Nature photography / Blue Ridge Mountains / Virginia
I’ve posted before–several times, perhaps–about the leaves that persist on the trees into winter. Marcescence, we discovered this clinging to the twig is called.

Here are some more marcescent beech leaves taken last week–not exactly the image I was hoping for. The wind picked up and the sun disappeared from the time I left the house til I reached the logging road where I’d noticed a nice cluster of fading leaves begging to get their picture taken.

If I do the color-image book and include this passage, I’ll need several shots to chose from. We’ll toss this one into the mix, and hope to better it. But I’d best get the right shot soon, because it won’t last forever:

“… This year’s beech leaf may stay on the twig until next spring’s tiny new leaf evicts it, finally, pushing it out and away, off into space, down to the black soil among the first of the spring mustards and violets.”

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Fred First holds masters degrees in Vertebrate Zoology and physical therapy, and has been a biology teacher and physical therapist by profession. He moved to southwest Virginia in 1975 and to Floyd County in 1997. He maintains a daily photo-blog, broadcasts essays on the Roanoke NPR station, and contributes regular columns for the Floyd Press and Roanoke's Star Sentinel. His two non-fiction books, Slow Road Home and his recent What We Hold in Our Hands, celebrate the riches that we possess in our families and communities, our natural bounty, social capital and Appalachian cultures old and new. He has served on the Jacksonville Center Board of Directors and is newly active in the Sustain Floyd organization. He lives in northeastern Floyd County on the headwaters of the Roanoke River.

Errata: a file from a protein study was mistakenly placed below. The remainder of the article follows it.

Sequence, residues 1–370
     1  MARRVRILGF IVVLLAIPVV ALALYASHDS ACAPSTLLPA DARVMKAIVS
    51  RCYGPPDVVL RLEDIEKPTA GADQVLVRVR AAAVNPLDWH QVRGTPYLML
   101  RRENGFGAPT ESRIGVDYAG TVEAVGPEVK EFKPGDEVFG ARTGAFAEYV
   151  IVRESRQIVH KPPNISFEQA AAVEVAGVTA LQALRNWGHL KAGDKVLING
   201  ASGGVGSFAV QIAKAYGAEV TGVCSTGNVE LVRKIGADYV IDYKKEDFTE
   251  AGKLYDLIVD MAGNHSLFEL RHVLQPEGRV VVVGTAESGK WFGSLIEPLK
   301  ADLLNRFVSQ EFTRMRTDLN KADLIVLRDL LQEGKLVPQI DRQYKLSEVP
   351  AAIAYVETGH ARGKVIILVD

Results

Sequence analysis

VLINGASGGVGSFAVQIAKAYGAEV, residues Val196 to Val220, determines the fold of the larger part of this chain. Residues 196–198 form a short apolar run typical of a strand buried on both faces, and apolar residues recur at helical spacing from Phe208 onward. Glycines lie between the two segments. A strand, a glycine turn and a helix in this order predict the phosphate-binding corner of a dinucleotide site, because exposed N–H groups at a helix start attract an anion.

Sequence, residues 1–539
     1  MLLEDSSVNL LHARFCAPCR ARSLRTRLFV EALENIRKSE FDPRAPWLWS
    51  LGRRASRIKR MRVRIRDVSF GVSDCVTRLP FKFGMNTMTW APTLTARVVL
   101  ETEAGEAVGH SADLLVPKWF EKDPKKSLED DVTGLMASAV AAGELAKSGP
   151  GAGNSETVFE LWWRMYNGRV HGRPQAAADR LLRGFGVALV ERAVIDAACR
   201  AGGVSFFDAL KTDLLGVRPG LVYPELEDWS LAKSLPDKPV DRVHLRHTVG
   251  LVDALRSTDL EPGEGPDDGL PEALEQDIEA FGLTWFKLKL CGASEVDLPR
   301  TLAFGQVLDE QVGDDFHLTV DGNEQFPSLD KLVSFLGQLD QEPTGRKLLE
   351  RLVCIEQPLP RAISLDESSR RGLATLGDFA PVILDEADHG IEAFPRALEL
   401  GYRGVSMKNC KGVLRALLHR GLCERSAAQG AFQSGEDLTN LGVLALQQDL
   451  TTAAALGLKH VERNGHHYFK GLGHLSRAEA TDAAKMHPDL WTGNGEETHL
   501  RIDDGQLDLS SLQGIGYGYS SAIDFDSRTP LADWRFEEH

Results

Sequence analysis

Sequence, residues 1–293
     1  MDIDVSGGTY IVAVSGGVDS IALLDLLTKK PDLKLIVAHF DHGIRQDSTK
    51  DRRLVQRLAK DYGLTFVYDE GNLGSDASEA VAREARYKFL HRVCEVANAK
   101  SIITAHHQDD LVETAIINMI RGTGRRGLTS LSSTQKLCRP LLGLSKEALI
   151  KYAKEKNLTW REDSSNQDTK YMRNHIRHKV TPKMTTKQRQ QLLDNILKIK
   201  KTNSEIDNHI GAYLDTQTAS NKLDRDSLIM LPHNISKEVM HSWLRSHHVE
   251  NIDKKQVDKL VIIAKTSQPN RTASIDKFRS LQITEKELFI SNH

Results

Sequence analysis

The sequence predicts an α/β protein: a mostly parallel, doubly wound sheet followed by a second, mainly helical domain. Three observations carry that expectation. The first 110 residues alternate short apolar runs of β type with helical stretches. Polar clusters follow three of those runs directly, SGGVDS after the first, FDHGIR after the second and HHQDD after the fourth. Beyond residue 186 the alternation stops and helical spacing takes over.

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  1. those look like leaf-shaped Ruffles potato chips….and i haven’t had breakfast yet and am hungry. 🙂

  2. Dear Fred,

    what a beautiful, elegant word — I saw some clinging leaves this morning, with a cherry tree a few feet away already breaking into blossom

    is there a word for those leaf remnants who’ve dissolved partway to leave only the leafy skeletons?

    thank you,
    and happy new year!
    Christy Lee-Engel